Blackstone Limits Withdrawals From Funds as Housing Market Feels Pressure

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  • Blackstone is limiting redemption requests after a flood of investors tried to pull out of one of its real estate investment trusts.
  • It's a sign that the real estate market could be taking a turn for the ugly.

It's clear that investors want out of the real estate market, and fast.

Will there be a real estate crash in 2023? That's a big question on the minds of buyers, sellers, and real estate investors alike. And recent events in the investment world may be giving us a clue.

This week, Blackstone has to limit requests to withdraw from its Real Estate Income Trust. Now that itself isn't all that significant. Real Estate Income Trust is a private real estate investment trust (meaning, it's not publicly traded, so you can't buy shares in your brokerage account), and these funds commonly place limits on redemptions.

Rather, what makes this a big deal is that investors are clearly not so enthusiastic about the state of the real estate market. Quite the contrary -- an uptick in redemption requests sends the message that investors are worried about real estate losing value in the near term.

Now to be fair, Real Estate Income Trust is focused on commercial real estate. So an investor pullback doesn't automatically signal trouble for the residential real estate market. But still, it's something buyers and sellers should be aware of as we head into interesting economic times.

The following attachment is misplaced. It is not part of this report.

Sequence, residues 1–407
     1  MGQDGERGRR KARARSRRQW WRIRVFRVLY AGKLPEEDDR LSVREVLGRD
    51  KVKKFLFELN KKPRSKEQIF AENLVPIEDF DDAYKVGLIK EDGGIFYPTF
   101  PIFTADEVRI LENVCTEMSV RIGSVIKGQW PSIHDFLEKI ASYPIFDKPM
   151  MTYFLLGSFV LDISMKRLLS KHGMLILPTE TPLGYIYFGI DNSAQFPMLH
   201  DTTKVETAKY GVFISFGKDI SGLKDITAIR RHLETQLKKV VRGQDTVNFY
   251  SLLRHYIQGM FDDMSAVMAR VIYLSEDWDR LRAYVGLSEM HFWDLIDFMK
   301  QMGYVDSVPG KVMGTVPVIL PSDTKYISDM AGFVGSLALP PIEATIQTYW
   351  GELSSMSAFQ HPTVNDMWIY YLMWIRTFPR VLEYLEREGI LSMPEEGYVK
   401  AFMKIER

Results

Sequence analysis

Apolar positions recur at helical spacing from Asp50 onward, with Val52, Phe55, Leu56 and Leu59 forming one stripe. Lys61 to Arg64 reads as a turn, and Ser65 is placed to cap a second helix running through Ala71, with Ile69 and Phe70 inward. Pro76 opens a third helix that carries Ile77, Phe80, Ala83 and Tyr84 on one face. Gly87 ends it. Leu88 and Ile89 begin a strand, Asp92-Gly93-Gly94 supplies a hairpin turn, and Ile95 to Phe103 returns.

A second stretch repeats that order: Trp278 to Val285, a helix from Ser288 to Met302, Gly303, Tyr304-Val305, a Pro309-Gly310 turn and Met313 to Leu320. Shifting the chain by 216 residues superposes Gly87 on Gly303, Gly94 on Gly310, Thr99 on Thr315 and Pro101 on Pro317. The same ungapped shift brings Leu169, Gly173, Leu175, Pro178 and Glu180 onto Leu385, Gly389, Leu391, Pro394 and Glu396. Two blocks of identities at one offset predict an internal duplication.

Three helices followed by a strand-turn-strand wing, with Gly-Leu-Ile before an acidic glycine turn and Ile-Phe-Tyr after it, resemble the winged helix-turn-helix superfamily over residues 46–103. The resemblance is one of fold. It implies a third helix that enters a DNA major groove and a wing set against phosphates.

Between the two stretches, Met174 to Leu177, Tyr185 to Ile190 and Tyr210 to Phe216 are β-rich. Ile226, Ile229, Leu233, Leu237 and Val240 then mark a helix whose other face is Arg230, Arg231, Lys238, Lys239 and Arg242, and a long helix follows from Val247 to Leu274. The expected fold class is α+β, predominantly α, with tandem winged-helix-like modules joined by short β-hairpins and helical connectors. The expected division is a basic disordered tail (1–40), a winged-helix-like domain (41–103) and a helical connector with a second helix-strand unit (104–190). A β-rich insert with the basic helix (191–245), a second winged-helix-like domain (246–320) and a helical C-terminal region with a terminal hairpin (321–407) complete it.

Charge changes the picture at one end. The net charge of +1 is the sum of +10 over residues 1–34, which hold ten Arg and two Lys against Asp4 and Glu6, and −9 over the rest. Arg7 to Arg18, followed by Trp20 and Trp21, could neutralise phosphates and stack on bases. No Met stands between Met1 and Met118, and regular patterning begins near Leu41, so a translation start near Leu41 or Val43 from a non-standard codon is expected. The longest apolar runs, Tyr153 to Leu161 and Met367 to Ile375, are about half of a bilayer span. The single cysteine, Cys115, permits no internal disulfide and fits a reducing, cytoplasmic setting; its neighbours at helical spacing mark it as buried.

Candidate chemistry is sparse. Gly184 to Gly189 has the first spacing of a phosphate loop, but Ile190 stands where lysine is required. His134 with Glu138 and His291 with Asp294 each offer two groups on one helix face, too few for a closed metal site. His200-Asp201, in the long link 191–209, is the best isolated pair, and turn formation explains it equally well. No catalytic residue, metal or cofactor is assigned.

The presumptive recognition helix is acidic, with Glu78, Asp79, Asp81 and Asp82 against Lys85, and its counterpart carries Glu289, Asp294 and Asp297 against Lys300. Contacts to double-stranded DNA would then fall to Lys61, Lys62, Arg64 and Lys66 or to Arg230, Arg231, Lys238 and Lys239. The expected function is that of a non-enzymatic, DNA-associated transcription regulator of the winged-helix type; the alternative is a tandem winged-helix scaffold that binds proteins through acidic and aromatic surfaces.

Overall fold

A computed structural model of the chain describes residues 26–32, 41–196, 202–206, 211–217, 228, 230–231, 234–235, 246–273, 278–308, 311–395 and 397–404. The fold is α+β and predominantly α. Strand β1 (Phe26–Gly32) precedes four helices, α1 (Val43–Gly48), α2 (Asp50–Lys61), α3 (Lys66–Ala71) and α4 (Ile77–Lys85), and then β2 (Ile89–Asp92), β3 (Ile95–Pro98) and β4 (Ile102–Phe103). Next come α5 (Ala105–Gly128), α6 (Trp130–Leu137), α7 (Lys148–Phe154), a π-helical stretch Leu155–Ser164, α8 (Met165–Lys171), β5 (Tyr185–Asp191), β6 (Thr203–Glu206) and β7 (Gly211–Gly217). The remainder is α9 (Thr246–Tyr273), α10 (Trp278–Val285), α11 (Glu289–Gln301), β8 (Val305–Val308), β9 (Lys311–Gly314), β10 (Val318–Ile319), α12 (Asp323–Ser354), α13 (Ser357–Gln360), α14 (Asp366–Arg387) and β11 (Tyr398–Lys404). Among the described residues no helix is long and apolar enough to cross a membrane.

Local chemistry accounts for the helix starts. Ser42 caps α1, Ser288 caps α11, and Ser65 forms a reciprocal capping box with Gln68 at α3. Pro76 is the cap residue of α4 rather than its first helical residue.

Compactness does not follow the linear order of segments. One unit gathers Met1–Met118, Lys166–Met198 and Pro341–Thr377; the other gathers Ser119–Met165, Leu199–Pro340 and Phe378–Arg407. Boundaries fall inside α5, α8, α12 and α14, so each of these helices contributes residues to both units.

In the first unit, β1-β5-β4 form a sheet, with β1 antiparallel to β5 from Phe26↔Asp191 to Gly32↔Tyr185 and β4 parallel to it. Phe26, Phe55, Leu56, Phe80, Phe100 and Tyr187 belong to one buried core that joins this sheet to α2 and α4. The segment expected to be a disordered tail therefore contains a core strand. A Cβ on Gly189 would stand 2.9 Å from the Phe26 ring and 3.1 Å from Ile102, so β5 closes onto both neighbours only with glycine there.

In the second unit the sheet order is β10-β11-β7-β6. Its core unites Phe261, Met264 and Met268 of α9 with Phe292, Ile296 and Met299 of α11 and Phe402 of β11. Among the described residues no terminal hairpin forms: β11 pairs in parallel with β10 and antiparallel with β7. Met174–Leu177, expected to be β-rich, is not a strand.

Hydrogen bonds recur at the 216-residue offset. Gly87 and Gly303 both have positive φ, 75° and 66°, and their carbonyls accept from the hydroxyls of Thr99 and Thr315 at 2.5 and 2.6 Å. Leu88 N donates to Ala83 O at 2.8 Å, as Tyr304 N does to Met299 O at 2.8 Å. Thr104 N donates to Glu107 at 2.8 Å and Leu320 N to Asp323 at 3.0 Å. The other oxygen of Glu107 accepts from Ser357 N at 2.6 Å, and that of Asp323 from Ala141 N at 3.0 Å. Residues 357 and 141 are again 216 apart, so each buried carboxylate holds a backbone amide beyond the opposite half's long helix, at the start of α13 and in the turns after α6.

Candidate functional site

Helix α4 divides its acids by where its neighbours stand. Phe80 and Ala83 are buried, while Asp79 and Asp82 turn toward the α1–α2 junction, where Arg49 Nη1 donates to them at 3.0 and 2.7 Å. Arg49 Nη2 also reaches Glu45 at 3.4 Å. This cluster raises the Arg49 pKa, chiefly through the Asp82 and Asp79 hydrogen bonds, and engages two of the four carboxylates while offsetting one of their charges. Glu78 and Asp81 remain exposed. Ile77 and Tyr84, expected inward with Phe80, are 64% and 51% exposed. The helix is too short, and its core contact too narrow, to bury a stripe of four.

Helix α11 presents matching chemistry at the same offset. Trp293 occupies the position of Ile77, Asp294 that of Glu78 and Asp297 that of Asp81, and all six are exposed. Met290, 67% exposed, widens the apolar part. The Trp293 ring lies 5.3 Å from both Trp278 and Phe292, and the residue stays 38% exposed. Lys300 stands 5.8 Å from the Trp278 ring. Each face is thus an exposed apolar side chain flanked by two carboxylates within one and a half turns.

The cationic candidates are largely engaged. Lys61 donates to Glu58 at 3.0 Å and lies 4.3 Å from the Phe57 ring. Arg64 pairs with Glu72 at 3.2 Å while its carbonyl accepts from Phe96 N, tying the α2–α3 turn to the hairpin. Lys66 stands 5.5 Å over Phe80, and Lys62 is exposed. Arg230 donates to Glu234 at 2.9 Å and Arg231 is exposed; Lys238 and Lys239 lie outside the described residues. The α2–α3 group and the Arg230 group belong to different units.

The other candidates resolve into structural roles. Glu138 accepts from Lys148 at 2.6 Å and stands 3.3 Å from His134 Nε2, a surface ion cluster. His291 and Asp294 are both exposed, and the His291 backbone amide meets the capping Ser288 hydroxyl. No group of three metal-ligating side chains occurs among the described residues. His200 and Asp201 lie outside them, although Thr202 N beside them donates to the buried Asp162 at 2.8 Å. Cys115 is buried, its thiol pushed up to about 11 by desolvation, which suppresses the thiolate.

Could residential real estate cool off in 2023?

For several years now, home prices have been elevated as buyer demand has exceeded the supply of available housing units. But things seem to be changing in the residential market.

First, mortgage rates rose sharply in 2022, reaching their highest level in decades. And while there's reason to believe they won't continue to climb substantially in 2023, there's also reason to assume they won't drop significantly any time soon.

The combination of sky-high home prices and mortgage rates, however, is causing a real affordability crunch for buyers. And it's already forced many to pull out of the market.

As a result, home price gains have slowed down during the latter part of 2022. And that trend could very well continue into 2023. Of course, slowing gains are a good thing for buyers. For sellers, not so much.

Should we be worried about a housing market crash?

There's already talk that the commercial real estate market could be in for a world of upheaval in 2023. But does that mean doom and gloom for residential real estate too? Not necessarily.

Even if home prices drop from their current levels, sellers still stand to profit nicely in 2023. And also, a decline in home prices won't necessarily spur a crisis that leaves a massive number of homeowners underwater on their mortgages. Home equity levels are still very high right now, so there's lots of room for them to drop without leaving property owners with negative equity.

Also, a lot of homeowners refinanced their home loans in 2020 when mortgage rates plunged to record lows. Those same homeowners are now looking at more affordable monthly housing payments, so it's unlikely that we're going to see a huge number of homes flood the market as property owners seek to get out.

All told, there's no need to assume the worst when it comes to both commercial and residential real estate in 2023. But investors, buyers, and sellers should of course keep tabs on the market and be prepared to act if real estate values start dropping at a more rapid pace than anticipated.

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